Using the right colours and matching them perfectly can be a deal maker. Choosing the perfect colour for an outfit is what sets you apart. And, that’s why colour and its theories continue to be the pivot for not just clothes, but everything else like interiors, hair, makeup, and much more.
To explain this further, let’s first understand the basis of this whole colour theory.
The Colour Wheel:
- Primary Colours
These comprise red, yellow, and blue. No two colours can be mixed to achieve these shades. Everything else is derived from these colours.
- Secondary Colours
Secondary colours are a combination of the primary colours. So, red+yellow = orange, red +blue = purple, and blue+yellow = green.
- Tertiary Colours
These colours are a combination of primary and secondary colours. By mixing these colours, you get shades like mint, aqua colours, corals, etc.
- Warm And Cool Colours
Hues of colours like red, orange, yellow, brown, etc. are warm colours – they make things look smaller in size, and that’s why most of us prefer wearing warmer colours when we want to look slimmer. Cool colours, like hues of blue, purple, green, etc., are soothing colours.
- Neutral Colours
Neutral colours are self-explanatory. They are just muted, plain, and subdued. Black, grey, whites, off-whites, taupe, etc., fall into the neutral category.
What Are The Principles For Matching Colours?
One fundamental principle for matching your clothes, or for that matter anything, is combining colours that work in harmony. And, that’s what we need to remember while designing or putting our outfits together.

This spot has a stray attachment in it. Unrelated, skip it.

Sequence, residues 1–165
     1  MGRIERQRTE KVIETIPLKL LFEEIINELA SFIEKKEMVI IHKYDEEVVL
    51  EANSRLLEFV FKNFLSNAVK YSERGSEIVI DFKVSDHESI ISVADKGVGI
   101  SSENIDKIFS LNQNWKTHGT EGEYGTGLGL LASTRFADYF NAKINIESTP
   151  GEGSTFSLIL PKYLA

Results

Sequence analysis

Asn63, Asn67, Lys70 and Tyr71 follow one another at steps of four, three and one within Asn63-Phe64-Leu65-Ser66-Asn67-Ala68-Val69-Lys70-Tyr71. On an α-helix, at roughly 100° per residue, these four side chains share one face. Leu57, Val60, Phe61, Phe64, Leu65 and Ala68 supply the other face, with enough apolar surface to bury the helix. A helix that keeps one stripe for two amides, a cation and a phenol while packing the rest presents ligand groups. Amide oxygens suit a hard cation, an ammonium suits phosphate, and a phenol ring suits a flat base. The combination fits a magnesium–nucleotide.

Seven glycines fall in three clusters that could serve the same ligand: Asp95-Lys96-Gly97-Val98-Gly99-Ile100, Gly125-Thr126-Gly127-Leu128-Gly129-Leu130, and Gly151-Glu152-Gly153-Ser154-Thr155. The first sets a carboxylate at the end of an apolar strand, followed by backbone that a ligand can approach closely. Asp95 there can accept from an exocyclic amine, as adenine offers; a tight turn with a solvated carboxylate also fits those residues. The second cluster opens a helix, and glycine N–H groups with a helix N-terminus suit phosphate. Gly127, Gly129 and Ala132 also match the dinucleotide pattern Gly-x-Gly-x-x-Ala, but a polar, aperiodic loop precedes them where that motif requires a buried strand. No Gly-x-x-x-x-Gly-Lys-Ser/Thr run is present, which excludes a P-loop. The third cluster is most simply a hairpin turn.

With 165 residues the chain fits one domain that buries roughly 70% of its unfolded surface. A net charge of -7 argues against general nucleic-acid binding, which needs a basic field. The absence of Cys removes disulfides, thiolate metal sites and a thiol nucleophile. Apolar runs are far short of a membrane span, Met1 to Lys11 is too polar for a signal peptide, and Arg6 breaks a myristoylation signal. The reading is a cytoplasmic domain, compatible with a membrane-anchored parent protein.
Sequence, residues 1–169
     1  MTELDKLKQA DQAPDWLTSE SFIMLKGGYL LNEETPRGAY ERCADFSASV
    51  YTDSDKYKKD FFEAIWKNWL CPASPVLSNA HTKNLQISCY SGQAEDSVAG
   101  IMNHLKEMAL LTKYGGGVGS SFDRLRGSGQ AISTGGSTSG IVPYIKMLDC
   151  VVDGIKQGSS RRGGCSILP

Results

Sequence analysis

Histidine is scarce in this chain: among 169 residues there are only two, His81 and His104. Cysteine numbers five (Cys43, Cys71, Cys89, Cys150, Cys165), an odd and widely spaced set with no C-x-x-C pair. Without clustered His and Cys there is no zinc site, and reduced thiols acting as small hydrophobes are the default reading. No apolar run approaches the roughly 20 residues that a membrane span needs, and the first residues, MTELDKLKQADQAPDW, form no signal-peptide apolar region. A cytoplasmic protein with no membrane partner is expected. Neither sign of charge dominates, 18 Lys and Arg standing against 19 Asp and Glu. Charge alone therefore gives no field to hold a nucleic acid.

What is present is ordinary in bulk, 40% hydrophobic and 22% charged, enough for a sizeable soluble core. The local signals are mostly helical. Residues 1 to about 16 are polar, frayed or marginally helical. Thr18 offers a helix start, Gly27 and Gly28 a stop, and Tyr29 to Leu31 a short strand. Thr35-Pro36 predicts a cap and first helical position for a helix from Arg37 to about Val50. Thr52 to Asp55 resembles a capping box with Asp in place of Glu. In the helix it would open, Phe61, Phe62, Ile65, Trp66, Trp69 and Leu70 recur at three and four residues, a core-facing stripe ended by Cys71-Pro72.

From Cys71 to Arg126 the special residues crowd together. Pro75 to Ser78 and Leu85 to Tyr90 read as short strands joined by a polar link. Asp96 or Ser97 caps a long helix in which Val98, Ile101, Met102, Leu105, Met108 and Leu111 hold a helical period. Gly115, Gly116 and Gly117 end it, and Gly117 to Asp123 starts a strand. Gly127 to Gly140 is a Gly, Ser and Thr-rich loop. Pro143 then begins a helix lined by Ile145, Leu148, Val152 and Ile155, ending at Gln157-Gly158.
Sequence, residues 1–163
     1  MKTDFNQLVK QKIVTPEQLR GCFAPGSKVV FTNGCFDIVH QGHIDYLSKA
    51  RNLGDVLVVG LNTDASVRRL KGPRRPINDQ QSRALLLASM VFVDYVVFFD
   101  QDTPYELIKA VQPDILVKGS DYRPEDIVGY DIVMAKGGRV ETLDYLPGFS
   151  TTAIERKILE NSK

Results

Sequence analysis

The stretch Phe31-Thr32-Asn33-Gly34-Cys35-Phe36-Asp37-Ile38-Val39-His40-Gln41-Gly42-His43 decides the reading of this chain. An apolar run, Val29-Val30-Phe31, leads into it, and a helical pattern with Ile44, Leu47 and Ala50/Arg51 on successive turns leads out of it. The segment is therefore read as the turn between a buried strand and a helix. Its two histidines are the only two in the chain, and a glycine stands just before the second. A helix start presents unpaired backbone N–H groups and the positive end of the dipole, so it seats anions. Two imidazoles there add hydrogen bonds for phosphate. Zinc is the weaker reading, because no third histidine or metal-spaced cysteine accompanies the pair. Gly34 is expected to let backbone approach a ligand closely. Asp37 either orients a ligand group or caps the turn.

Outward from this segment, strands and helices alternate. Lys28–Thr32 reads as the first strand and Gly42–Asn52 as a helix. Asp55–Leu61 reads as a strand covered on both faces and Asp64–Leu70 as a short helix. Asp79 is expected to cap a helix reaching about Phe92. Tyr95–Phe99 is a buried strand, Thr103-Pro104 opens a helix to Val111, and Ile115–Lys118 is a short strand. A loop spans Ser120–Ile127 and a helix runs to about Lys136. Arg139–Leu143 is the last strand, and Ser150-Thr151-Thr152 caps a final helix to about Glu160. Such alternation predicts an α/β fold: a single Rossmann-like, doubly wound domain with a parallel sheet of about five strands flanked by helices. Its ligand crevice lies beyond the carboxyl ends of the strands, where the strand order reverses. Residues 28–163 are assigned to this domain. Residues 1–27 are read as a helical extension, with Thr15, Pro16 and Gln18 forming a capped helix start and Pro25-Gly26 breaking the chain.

Here’s how you can match them.
Red and green, violet and yellow, blue and orange – complementary, as the name goes, work best when put together. These are exactly opposite to each other on the colour wheel. They might seem bold to look at, but the outputs will be perfect. If you observe carefully, your spring and summer clothing is mostly designed using complementary colours. While some might argue against this concept, it is actually a matter of choice as some like making bold statements.
Matching two or three continuous shades on the colour wheel that blend well with each other is called analogous colour matching. When you put an entire outfit together based on this, it looks both striking and stylish. If you are wondering how to style that orange or camel trench coat of yours, pick a shade on either side of the colour in the colour wheel and work with that.
The combination of colours that are equidistant from each other on the colour wheel is called ‘triadic.’ They look great together, but some might argue that they can be OTT. However, you can choose the muted shades of these colours to make your outfit. A pair of green cargos with a pastel pink top and powder blue accessories or shoes will look sophisticated and tasteful.